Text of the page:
Christopher Mung, Executive Director of HKLRM
I joined the ITUC World Congress from 17 to 22 November in Melbourne. It took me around 24 hours to make my way there from London with one stopover. It is said to be one of the world’s longest flights.
This was the first time I attended the ITUC World Congress after the HKCTU disbanded. This time, I was wearing a different hat, joining as an observer representing the Hong Kong Labour Rights Monitor.
I was overwhelmed by emotions whenever I thought about the organisation I used to represent, as it no longer exists, not to mention the people with whom I used to go there. Lee Cheuk Yan and Carol Ng are now locked behind bars.
But I reminded myself that the journey has to go on, despite all the emotions in my head. This World Congress only happens every four years, with 1,000 trade union representatives from 130 countries. It would be a rare opportunity to raise awareness and seek support for Hong Kong. When I realised the 3-minute speech registration was open, I knew I had to obtain a spot and appeal to the other trade union representatives for their support. (Click here for the full speech.)
In the opening speech of the Congress, the president of the Australian Council of Trade Unions, Michele O’Neil, remarked on the plight of trade unionists behind bars in Hong Kong, Myanmar, and Belarus. The whole hall applauded the honourable mentions.
An emergency resolution endorsed to support Hong Kong
We connected with and lobbied 13 national trade union confederations to table an urgent resolution entitled “concern about the suppression of the trade union movement and democracy in Hong Kong”. The resolution was passed just in time before the Congress concluded.
A special session dedicated to Lee Cheuk-yan
This year’s conference included a special session. The ITUC’s General Secretary Sharan Burron announced that Lee Cheuk Yan, the former general secretary of the now-defunct ITUC, was awarded the Silver Rose Lifetime Achievement Award by SOLIDAR in recognition of his contributions to the Hong Kong labour movement and the development of Hong Kong civil society. Then, a short video highlight of his work was shown. The video brought back memories of fighting for labour rights with Yan. It was an emotional and bittersweet video to watch.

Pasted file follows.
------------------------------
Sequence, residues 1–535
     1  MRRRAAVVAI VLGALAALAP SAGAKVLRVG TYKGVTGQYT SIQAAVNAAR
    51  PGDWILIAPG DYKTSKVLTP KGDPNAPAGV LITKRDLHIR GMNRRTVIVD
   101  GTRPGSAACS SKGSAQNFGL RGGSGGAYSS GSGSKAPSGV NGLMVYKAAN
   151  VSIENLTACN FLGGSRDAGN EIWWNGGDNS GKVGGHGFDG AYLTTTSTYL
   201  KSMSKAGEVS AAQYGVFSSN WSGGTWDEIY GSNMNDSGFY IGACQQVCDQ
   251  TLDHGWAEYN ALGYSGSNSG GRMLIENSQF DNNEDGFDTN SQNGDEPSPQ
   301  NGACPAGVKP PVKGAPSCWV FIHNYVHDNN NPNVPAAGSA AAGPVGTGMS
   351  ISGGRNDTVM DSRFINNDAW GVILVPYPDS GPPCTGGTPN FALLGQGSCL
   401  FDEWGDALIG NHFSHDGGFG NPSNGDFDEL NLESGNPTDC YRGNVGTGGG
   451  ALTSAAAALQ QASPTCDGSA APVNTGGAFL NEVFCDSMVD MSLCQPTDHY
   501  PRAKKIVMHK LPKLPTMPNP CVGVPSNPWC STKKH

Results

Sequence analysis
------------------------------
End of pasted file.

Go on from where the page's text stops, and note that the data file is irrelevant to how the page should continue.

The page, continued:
Meetings with trade unions from South Korea to Norway and Argentina
In the few days of the Congress, we met with trade union representatives from South Korea, France, Norway, Sweden, Belgium, the Netherlands, Brazil, and Argentina. We explained the latest developments in the Hong Kong labour rights movement and discussed our potential collaborations in the future.
For example, during our talks with the French delegation from the three largest trade unions in France, CFDT, CGT and FO, we explored the possibility of convening a Hong Kong round table event next year to raise awareness of the Hong Kong Labour Rights issues among the people in France. If we could make it happen, it would be a huge breakthrough in our advocacy efforts.
Sharing workshop: Trade unionists in exile from Hong Kong, Myanmar, and Belarus
This year’s conference provided attendees with a variety of sessions to select from. In the workshop “A Dialogue with Trade Unionists in Exile”, I shared my experiences with two other trade unionists from Myanmar and Belarus. The challenges confronting the independent labour movement may not be the same in the three places, but we all face devastation under authoritarian regimes.
In our workshop, we spoke about ways to strengthen solidarity with trade unions in authoritarian countries. We have collated ideas, such as marking a global action day to demonstrate international solidarity, lobbying governments to exert political pressure on authoritarian regimes, and establishing a transnational monitoring network. Some of these suggestions are still in the early stages, but this brainstorming session widened my vision of global solidarity and convinced me that there is still plenty we can accomplish. What struck me the most was that we were not just paying lip service to the idea. All of the attendees were ready to put their words into action.
“What keeps you going?” one of the participants asked us, trade unionists in exile. And this was how Lizaveta from Belarus replied: “What keeps me going is I am free and my closest colleagues are in prison. So I can do something—and I will.”
For most of us living in exile, this simple yet powerful answer says it all.
What keeps me going is I am free and my closest colleagues are in prison. So I can do something—and I will.Lizaveta, Labour Activitist from Belarus